Gitweb:     
http://git.kernel.org/git/?p=linux/kernel/git/torvalds/linux-2.6.git;a=commit;h=d156042f9fdffcb0171dc20f0d8b6df3fbf779c4
Commit:     d156042f9fdffcb0171dc20f0d8b6df3fbf779c4
Parent:     0d71bd5993b630a989d15adc2562a9ffe41cd26d
Author:     Daniel Drake <[EMAIL PROTECTED]>
AuthorDate: Wed Feb 6 01:37:30 2008 -0800
Committer:  Linus Torvalds <[EMAIL PROTECTED]>
CommitDate: Wed Feb 6 10:41:07 2008 -0800

    Documentation about unaligned memory access
    
    Here's a document I wrote after figuring out what unaligned memory access
    is all about.  I've tried to cover the information I was looking for when
    trying to learn about this, without producing a hopelessly detailed/complex
    spew.  I hope it is useful to others.
    
    Signed-off-by: Daniel Drake <[EMAIL PROTECTED]>
    Cc: Rob Landley <[EMAIL PROTECTED]>
    Cc: "Randy.Dunlap" <[EMAIL PROTECTED]>
    Cc: Alan Cox <[EMAIL PROTECTED]>
    Cc: Jan Engelhardt <[EMAIL PROTECTED]>
    Cc: Johannes Berg <[EMAIL PROTECTED]>
    Cc: Kyle McMartin <[EMAIL PROTECTED]>
    Cc: Kyle Moffett <[EMAIL PROTECTED]>
    Signed-off-by: Andrew Morton <[EMAIL PROTECTED]>
    Signed-off-by: Linus Torvalds <[EMAIL PROTECTED]>
---
 Documentation/unaligned-memory-access.txt |  226 +++++++++++++++++++++++++++++
 1 files changed, 226 insertions(+), 0 deletions(-)

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+UNALIGNED MEMORY ACCESSES
+=========================
+
+Linux runs on a wide variety of architectures which have varying behaviour
+when it comes to memory access. This document presents some details about
+unaligned accesses, why you need to write code that doesn't cause them,
+and how to write such code!
+
+
+The definition of an unaligned access
+=====================================
+
+Unaligned memory accesses occur when you try to read N bytes of data starting
+from an address that is not evenly divisible by N (i.e. addr % N != 0).
+For example, reading 4 bytes of data from address 0x10004 is fine, but
+reading 4 bytes of data from address 0x10005 would be an unaligned memory
+access.
+
+The above may seem a little vague, as memory access can happen in different
+ways. The context here is at the machine code level: certain instructions read
+or write a number of bytes to or from memory (e.g. movb, movw, movl in x86
+assembly). As will become clear, it is relatively easy to spot C statements
+which will compile to multiple-byte memory access instructions, namely when
+dealing with types such as u16, u32 and u64.
+
+
+Natural alignment
+=================
+
+The rule mentioned above forms what we refer to as natural alignment:
+When accessing N bytes of memory, the base memory address must be evenly
+divisible by N, i.e. addr % N == 0.
+
+When writing code, assume the target architecture has natural alignment
+requirements.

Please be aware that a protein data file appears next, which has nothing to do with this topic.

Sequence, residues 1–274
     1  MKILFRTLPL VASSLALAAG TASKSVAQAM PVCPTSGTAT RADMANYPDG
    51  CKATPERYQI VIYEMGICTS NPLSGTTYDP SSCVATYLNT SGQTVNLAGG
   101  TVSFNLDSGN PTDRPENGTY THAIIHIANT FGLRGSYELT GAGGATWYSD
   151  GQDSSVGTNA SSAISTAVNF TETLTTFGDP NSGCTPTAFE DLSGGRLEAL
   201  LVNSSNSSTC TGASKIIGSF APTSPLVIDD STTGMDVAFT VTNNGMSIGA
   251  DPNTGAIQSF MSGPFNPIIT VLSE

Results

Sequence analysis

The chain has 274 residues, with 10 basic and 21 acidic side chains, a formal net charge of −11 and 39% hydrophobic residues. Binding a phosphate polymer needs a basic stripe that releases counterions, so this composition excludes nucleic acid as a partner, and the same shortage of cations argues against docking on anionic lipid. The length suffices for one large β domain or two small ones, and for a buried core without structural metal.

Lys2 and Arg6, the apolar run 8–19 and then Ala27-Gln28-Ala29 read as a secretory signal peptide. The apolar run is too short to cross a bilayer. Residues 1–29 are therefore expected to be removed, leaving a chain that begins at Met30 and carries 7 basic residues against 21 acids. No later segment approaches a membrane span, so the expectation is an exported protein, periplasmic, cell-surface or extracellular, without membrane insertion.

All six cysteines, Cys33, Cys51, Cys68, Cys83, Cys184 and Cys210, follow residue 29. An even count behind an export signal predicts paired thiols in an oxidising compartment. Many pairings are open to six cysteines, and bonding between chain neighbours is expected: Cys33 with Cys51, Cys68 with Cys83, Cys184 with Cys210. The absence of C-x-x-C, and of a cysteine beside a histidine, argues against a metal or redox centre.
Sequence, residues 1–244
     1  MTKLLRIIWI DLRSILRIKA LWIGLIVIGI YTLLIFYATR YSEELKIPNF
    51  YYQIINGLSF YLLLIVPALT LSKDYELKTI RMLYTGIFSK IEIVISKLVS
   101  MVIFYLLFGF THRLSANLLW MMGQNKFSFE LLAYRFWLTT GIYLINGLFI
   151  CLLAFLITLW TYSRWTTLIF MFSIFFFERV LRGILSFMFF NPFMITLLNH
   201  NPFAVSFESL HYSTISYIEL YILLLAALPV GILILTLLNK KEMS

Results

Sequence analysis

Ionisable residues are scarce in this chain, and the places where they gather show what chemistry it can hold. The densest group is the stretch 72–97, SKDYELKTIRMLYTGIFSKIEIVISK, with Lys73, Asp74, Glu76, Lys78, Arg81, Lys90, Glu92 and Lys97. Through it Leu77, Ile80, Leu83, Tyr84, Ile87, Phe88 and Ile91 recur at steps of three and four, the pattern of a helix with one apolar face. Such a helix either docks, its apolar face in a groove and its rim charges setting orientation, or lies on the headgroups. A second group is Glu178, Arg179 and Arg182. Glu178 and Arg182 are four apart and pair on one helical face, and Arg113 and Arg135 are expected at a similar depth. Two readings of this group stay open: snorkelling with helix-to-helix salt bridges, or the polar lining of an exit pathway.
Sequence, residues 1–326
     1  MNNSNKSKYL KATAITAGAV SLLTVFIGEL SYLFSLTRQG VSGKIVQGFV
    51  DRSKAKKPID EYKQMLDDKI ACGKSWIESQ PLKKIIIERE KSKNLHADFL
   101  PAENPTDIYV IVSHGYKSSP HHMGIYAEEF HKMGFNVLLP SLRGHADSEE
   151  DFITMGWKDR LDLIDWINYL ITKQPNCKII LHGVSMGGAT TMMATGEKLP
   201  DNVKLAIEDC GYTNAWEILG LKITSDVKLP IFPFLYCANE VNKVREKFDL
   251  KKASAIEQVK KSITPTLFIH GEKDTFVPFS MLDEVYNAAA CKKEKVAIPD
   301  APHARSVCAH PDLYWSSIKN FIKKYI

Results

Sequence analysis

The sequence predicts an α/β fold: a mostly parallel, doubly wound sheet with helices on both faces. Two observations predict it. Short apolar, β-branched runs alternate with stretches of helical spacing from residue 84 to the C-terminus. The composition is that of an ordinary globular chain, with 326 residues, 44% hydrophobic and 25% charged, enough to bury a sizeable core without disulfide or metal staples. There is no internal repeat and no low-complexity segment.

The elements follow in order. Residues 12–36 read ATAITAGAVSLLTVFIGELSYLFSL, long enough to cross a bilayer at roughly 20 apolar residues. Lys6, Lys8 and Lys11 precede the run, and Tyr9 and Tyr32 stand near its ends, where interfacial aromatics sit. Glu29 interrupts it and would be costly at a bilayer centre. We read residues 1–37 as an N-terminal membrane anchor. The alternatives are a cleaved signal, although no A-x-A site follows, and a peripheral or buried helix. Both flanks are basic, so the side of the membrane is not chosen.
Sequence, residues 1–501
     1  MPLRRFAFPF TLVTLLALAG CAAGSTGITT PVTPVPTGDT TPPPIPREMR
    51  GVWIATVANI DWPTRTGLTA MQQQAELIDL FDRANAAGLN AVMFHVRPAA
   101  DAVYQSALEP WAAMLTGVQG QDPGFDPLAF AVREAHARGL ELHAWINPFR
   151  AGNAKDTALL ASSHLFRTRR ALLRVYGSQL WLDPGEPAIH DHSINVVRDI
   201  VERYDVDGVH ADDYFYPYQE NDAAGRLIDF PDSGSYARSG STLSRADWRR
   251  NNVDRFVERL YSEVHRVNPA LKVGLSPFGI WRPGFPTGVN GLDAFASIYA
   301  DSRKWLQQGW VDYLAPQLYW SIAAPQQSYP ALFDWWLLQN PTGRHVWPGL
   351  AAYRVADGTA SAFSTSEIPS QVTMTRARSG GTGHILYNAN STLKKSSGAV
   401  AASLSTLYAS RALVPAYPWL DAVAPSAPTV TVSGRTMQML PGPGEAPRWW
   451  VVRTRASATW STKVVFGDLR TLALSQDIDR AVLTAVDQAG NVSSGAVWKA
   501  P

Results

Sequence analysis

+
+In reality, only a few architectures require natural alignment on all sizes
+of memory access. However, we must consider ALL supported architectures;
+writing code that satisfies natural alignment requirements is the easiest way
+to achieve full portability.
+
+
+Why unaligned access is bad
+===========================
+
+The effects of performing an unaligned memory access vary from architecture
+to architecture. It would be easy to write a whole document on the differences
+here; a summary of the common scenarios is presented below:
+
+ - Some architectures are able to perform unaligned memory accesses
+   transparently, but there is usually a significant performance cost.
+ - Some architectures raise processor exceptions when unaligned accesses
+   happen. The exception handler is able to correct the unaligned access,
+   at significant cost to performance.
+ - Some architectures raise processor exceptions when unaligned accesses
+   happen, but the exceptions do not contain enough information for the
+   unaligned access to be corrected.
+ - Some architectures are not capable of unaligned memory access, but will
+   silently perform a different memory access to the one that was requested,
+   resulting a a subtle code bug that is hard to detect!
+
+It should be obvious from the above that if your code causes unaligned
+memory accesses to happen, your code will not work correctly on certain
+platforms and will cause performance problems on others.
+
+
+Code that does not cause unaligned access
+=========================================
+
+At first, the concepts above may seem a little hard to relate to actual
+coding practice. After all, you don't have a great deal of control over
+memory addresses of certain variables, etc.
+
+Fortunately things are not too complex, as in most cases, the compiler
+ensures that things will work for you. For example, take the following
+structure:
+
+       struct foo {
+               u16 field1;
+               u32 field2;
+               u8 field3;
+       };
+
+Let us assume that an instance of the above structure resides in memory
+starting at address 0x10000. With a basic level of understanding, it would
+not be unreasonable to expect that accessing field2 would cause an unaligned
+access. You'd be expecting field2 to be located at offset 2 bytes into the
+structure, i.e. address 0x10002, but that address is not evenly divisible
+by 4 (remember, we're reading a 4 byte value here).
+
+Fortunately, the compiler understands the alignment constraints, so in the
+above case it would insert 2 bytes of padding in between field1 and field2.
+Therefore, for standard structure types you can always rely on the compiler